Gujarati-Muslims in India and South Africa:

Performing Muslim Identities in the Indian Ocean world 

abstract  | keywords and concepts  |  links and literature  |  researcher


The communities of Sunni Bohras in Gujarat and South Africa, amongst whom I plan to do ethnographical research, form examples of the transnational and complex ties of religious and political phenomena in the globalized modern age. The project aims at a critical examination of these ties and the concept(s) of modernity in general. With social science’s theories oriented towards a broader comparative approach the globalisation of religions in both the public and the private spheres shall be scrutinized. As regards these religious and political phenomena they shall be looked at in consideration of the gender discourses applied to Bohra communities.

  • Read the full project outline
  • Report on the conference „Identities: Reflections on Global Gujarati Communities“, University of Toronto 2008

Keywords and concepts

Sunni Bohras, Migration, Diaspora, Modernity, Gender discourses

Links and literature

  • Basu, Helene 2007: Ethnologie des Islam. Unveröffentlichte Inaugurationsvorlesung an der WWU Münster.
  • Bhana, Surendra und Joy Brain (1990): Setting Down Roots. Indian Migrants in South Africa, 1860-1911. Witwatersrand University Press, Johannesburg.
  • Deshpande, Satish (2003): Modernization. In: Das, Veena (ed.) The Oxford India Companion to Sociology and Social Anthropology. Oxford Univ. Press, New Delhi, pp. 63-98
  • Daniels, Doria (2007): South Africa. In: Suad, Joseph, (ed.): Encyclopedia of Women in Islamic Cultures. Vol. 5. Brill, Boston & Leiden, pp. 118-120.
  • Ebr.-Vally, Rehana (2001a): Kala Pani. Caste and Colour in South Africa. Kwela Books; Kapstadt.
  • ____________ (2001b): Diversity in the imagined Umma: the example of Indian Muslims in South Africa. In: Zegeye, Abebe (Hg.): Social Identities in the new South Africa. Kwela Books; Kapstadt. S. 269-300.
  • Franco, Fernando, Jyotsna Macwan & Suguna Rmanathan (2007): Marriage, Sexuality and Motherhood. In: Menon, Nivedita (ed.): Sexualities. Women Unlimited, New Delhi, pp. 141-174
  • Gupta, Charu (2001): Sexuality, Obscenity, Community. Women, Muslims, and the Hindu Public in Colonial India. Palgrave; New York
  • Hermansen, Marcia (2007): Quran – modern interpretations – South Asian Languages. In: : Suad, Joseph, (ed.): Encyclopedia of Women in Islamic Cultures. Vol. 5. Brill, Boston & Leiden, pp. 258-262.
  • Jain, Prakash C. (1999): Indians in South Africa. Political economy of race relations. Kalinga Publications, Delhi.
  • Klein, Gary D. (1990): Sojourning and ethnic solidarity: Indian South Africans. In: Ethic Groups, Vol.8, S. 1-13.
  • Kosambi, Meera (2007): Crossing Thresholds. Feminist Essays in Social History. Permanent Black, Ranikhet.
  • Lambat, Ismail A. (1985): Marriage among the Sunni Surati Vohras of South Gujarat. In: Imtiaz Ahmad (ed.) Family, Kinship and Marriage among Muslims in India. Manohar, New Delhi pp. 49-81.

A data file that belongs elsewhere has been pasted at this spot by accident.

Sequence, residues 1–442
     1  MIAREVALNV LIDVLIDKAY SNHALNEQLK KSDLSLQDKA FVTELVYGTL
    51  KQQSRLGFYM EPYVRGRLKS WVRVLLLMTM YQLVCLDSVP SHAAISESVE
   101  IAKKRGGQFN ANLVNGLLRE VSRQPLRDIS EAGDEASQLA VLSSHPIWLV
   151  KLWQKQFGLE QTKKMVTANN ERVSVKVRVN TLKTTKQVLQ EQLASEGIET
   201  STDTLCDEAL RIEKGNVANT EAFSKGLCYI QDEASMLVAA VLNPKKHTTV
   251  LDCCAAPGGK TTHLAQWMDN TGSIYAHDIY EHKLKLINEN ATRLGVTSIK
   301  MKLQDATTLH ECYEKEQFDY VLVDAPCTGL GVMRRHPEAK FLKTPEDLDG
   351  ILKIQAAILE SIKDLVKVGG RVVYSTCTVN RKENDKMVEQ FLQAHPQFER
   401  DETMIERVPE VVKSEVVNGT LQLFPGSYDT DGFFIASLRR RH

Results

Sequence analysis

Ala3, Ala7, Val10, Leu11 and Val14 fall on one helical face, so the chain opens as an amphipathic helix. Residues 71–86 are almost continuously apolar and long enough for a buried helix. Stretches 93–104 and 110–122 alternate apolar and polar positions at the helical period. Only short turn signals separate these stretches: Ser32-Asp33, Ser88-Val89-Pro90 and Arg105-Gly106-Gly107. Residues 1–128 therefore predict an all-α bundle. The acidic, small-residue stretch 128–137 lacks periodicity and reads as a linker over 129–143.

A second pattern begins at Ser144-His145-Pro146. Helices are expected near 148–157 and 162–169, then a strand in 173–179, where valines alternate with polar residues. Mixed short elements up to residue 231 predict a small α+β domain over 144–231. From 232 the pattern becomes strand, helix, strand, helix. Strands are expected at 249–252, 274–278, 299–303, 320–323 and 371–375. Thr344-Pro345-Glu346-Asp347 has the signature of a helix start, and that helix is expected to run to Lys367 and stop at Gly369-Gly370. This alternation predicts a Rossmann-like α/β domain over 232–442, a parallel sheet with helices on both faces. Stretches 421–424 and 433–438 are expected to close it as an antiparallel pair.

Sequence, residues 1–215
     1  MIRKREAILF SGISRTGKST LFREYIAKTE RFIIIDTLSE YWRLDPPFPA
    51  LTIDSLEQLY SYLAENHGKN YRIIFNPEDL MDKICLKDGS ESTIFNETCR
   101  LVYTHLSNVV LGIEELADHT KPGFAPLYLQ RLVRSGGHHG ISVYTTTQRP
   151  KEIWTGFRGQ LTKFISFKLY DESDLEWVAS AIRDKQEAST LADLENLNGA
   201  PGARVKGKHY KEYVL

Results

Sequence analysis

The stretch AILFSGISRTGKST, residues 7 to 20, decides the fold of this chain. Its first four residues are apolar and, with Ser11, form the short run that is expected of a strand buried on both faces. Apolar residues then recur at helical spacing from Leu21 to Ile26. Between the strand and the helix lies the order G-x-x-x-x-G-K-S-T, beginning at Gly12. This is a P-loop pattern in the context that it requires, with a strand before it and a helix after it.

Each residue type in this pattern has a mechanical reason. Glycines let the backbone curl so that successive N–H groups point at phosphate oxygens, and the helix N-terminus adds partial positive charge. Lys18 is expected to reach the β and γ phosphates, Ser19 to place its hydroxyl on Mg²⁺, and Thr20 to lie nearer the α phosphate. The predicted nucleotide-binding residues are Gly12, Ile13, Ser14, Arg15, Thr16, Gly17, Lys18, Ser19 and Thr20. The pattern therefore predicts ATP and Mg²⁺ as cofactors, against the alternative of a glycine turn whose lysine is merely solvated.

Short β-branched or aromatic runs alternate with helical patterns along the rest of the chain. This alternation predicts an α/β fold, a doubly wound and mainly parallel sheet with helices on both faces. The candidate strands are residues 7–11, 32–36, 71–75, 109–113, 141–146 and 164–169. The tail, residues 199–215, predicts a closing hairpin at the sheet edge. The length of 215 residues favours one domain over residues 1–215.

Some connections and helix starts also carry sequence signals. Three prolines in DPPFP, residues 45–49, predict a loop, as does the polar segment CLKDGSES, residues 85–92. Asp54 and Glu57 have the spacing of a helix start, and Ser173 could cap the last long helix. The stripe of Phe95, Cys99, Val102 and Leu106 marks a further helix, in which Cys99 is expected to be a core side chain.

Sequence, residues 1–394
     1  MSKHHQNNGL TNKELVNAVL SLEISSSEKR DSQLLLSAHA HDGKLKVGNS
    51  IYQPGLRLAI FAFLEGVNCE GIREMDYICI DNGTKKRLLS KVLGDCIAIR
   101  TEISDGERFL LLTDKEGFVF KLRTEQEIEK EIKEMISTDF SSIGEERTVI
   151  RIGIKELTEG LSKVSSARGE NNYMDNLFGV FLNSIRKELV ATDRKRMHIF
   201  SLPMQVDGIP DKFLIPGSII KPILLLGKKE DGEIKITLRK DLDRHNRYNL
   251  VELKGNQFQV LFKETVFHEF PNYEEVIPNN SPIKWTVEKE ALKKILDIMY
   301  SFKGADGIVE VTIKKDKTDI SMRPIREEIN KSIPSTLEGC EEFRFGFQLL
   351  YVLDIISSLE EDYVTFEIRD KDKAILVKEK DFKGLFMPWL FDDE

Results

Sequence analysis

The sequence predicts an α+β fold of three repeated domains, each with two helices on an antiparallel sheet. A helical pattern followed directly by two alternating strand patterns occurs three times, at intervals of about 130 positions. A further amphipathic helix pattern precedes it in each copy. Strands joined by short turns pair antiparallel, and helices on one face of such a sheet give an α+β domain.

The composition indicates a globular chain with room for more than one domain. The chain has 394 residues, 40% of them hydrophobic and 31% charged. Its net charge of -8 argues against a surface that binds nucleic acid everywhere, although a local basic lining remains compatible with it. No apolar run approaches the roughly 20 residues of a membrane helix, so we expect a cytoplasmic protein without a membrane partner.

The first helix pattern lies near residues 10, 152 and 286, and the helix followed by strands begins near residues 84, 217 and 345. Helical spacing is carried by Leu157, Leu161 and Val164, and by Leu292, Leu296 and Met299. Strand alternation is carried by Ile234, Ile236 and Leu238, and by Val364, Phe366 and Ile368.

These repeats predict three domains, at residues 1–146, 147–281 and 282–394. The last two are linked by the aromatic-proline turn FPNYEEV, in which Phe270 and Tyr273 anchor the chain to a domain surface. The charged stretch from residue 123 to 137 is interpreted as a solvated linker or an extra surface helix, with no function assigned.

• Loo, Hans van der und Willem van Reijen (1997): Modernisierung. Projekt und Paradox. DTV; München. 2., aktualisierte Auflage. [Orig. 1990: Paradoxen van modernisering. Een socialwetenschappelijke benadering. Verlag Dick Coutinho; Muiderberg.] Marranci, Gabriele (2008): The Anthropology of Islam. Berg; Oxford.
  • Meer, Fatima (1969): Portrait of Indian South Africans. Avon House, Durban.
  • Menon, Nivedita ed. (2007): Sexualities. Women unlimited, New Delhi.
  • Misra, Satish C. (1964): Muslim Communities in Gujarat. Preliminary Studies in their history and social organizations. Asia Publishing House, London.
  • Munshi, K.G. (1997): Socio-economic profile of Indian Muslims. A Case Study of Gujarat. Institute of Objective Studies, Neu Delhi.
  • Nandy, Ashis (1975) : Sati : A Nineteenth Century Tale of Women, Violence and Protest. In: Joshi, V.C. (ed.): Rammohun Roy and the Process of Modernization in India. Vikas, Delhi et al., pp. 168-194
  • Parameshwar Gaonkar, Dilip (2001): Alternative Modernities. Duke University Press;
  • Ramamurthi, T.G. (1995): Apartheid and Indian South Africans. A Study of the Role of Ethnic Indians in the Struggle against Apartheid in South Africa. Reliance Publishing House, New Delhi.
  • Vahed, Goolam (2005): Passengers, Partnerships, and promissory notes: Gujarati Traders in colonial Natal, 1870-1920. In: International Journal of African Historical Studies 38,3: 449 – 479.
  • ____________ (2001): Mosques, Mawlanas and Muharram: Indian Islam in Colonial Natal. 1860-1910. In: Journal of Religion in Africa, XXXI, 3; 305-335.


Julia Koch studied Ethnology, Communication and Mediaveal History in Münster and Paris (EHESS). She wrote her comparative M.A. thesis in Ethnology on Ritual Buffaloe Killings in South East Asia. Now she is member of the Graduate School of the Cluster of Excellence "Relgion and Politics in pre-modern and modern Cultures" with a Ph.D. project on Gujarati Muslims in India and South Africa. Performing Muslim identities in the Indian Ocean (working title).